ReduxReview:  While Bros was successfully marketed as a teen idol boy band in the UK, it didn't work in the US. I think that was because of the material. Their sound made them more of a dance/club act rather that a teen pop group. At the time, boy bands hadn't really taken off in the US yet. New Edition were around, but it wouldn't be until Boys II Men and New Kids on the Block hit it big that the boy band craze of the 90s would take off. (Oddly, the same week this song debuted on the Pop chart, so did NKOTB's first charting single "Please Don't Go Girl.") Those US groups were more pop/R&B leaning and had a more mainstream sound than what Bros was doing. This Hi-NRG dance track got them attention in the clubs, but it just wasn't quite right for pop radio. The odd thing here is that they became hugely successful with a song questioning "When Will I Be Famous?" In the UK, it was right now! In the US it, never.

ReduxRating:  6/10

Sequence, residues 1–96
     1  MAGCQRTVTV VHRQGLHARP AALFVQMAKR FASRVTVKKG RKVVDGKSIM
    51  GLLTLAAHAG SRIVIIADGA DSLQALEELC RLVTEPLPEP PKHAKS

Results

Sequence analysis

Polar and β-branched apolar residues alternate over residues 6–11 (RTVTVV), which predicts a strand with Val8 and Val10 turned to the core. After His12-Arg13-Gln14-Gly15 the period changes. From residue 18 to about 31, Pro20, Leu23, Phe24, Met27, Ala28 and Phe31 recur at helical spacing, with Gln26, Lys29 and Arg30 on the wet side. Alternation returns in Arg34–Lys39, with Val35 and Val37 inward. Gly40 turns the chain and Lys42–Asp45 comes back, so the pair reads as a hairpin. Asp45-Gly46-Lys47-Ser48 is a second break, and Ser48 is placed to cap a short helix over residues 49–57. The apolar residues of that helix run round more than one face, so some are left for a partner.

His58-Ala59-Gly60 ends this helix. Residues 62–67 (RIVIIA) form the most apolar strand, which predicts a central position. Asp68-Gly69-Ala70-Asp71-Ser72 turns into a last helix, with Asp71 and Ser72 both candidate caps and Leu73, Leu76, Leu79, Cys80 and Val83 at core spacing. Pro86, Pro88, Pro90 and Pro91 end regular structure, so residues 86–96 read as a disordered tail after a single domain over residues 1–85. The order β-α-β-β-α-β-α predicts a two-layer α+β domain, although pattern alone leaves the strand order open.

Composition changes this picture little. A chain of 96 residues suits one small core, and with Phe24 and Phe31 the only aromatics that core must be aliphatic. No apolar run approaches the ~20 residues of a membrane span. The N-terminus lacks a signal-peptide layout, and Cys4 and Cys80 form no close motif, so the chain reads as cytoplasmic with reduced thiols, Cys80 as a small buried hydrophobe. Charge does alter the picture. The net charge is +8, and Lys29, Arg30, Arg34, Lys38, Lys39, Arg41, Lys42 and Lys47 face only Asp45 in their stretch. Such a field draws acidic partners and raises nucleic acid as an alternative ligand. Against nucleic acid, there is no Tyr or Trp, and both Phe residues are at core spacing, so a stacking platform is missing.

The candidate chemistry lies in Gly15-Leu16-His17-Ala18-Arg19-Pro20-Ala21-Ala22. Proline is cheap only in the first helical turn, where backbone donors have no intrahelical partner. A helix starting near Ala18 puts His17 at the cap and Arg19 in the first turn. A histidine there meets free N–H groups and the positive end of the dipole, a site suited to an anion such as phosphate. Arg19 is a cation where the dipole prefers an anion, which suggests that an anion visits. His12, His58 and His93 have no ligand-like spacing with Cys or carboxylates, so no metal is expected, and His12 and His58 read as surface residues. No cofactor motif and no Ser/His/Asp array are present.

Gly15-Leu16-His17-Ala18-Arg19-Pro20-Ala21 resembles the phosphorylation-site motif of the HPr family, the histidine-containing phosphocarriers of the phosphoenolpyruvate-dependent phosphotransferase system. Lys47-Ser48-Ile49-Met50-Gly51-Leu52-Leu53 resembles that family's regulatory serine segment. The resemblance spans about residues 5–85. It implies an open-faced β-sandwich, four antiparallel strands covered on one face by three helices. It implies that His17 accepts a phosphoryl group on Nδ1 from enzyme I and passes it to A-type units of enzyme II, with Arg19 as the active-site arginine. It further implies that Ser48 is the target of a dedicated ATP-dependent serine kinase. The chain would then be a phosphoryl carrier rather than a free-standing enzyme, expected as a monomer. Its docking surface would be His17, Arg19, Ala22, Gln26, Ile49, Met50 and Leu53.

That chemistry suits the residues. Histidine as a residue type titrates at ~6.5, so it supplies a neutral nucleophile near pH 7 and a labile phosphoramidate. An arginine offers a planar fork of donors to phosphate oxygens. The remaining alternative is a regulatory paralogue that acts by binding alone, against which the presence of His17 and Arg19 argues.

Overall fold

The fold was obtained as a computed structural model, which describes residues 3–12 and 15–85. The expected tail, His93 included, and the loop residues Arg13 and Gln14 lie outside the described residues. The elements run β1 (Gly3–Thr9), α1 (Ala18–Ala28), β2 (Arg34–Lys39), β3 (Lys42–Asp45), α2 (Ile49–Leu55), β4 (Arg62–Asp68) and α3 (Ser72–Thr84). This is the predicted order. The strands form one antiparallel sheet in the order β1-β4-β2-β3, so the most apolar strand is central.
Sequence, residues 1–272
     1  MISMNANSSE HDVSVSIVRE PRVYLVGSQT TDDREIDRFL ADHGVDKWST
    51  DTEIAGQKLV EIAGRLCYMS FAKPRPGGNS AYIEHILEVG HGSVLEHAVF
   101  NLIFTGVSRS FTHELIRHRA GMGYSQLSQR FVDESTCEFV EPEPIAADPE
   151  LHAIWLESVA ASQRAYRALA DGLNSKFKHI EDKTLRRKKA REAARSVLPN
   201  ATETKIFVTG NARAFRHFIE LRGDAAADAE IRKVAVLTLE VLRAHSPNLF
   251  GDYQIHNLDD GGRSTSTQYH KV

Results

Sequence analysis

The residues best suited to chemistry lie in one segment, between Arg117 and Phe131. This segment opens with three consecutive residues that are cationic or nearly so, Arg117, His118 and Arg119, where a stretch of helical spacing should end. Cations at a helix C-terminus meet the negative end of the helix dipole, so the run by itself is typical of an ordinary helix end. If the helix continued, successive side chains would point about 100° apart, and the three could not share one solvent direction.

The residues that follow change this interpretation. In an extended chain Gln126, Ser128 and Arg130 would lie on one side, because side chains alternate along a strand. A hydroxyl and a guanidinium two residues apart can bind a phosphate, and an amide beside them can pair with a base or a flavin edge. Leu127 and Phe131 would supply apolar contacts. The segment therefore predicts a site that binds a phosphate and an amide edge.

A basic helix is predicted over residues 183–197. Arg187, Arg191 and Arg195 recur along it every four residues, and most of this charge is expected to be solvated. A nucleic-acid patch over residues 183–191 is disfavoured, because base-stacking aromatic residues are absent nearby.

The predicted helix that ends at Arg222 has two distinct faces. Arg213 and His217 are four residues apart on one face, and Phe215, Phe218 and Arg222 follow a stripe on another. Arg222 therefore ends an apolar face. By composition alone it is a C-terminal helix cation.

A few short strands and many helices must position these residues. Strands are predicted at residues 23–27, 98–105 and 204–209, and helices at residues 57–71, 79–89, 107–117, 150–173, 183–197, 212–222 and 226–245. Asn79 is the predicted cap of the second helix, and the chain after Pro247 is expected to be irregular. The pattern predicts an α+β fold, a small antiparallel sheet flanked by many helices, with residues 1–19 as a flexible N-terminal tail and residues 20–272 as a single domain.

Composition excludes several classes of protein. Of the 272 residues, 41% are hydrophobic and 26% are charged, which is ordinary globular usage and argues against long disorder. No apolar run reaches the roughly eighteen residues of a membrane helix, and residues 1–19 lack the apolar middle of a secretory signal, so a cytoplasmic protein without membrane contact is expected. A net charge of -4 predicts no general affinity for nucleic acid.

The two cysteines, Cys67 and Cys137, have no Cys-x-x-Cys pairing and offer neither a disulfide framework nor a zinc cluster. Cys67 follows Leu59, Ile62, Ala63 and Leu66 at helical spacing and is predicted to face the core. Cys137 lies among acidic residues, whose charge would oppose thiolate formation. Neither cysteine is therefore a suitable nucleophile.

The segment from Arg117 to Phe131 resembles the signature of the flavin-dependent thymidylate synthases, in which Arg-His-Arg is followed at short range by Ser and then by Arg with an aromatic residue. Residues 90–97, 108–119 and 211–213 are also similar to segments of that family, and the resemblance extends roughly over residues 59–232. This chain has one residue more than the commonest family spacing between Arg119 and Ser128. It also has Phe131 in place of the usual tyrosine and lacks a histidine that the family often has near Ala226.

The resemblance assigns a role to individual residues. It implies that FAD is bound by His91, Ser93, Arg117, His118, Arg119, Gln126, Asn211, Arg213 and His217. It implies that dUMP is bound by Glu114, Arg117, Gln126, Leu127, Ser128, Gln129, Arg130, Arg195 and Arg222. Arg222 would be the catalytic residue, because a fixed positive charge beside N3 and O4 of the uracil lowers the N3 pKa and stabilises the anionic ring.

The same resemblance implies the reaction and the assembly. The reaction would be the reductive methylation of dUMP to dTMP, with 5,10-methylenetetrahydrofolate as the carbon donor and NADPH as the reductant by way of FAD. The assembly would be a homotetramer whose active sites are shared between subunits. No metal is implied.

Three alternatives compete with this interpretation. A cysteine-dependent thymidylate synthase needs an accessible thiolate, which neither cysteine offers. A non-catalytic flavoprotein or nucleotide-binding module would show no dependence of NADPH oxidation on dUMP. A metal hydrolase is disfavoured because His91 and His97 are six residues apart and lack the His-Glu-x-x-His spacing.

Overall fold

Trivia:  The trio became so famous in UK that the fervor surrounding them got tagged as "Bromania." Unfortunately, by early '89 all the pressure and fame took its toll on Craig Logan. His health suffered and because of that he chose to leave the group. Instead of trying to replace him, the Goss brothers just decided to move forward on their own. Their first album as a duo, 1998's The Time would do well reaching #4 and going gold, but it wasn't nearly as successful as their debut. Their 1991 third album Changing Faces would stall at #18. The following year the Goss' would bring an end to Bros. Matt Goss would go solo and grab four UK Top 40 entries. Luke Goss would make a move to the US to start an acting career. He has appeared in several films and TV shows. Craig Logan would work behind the scenes and become an exec at EMI and SonyBMG.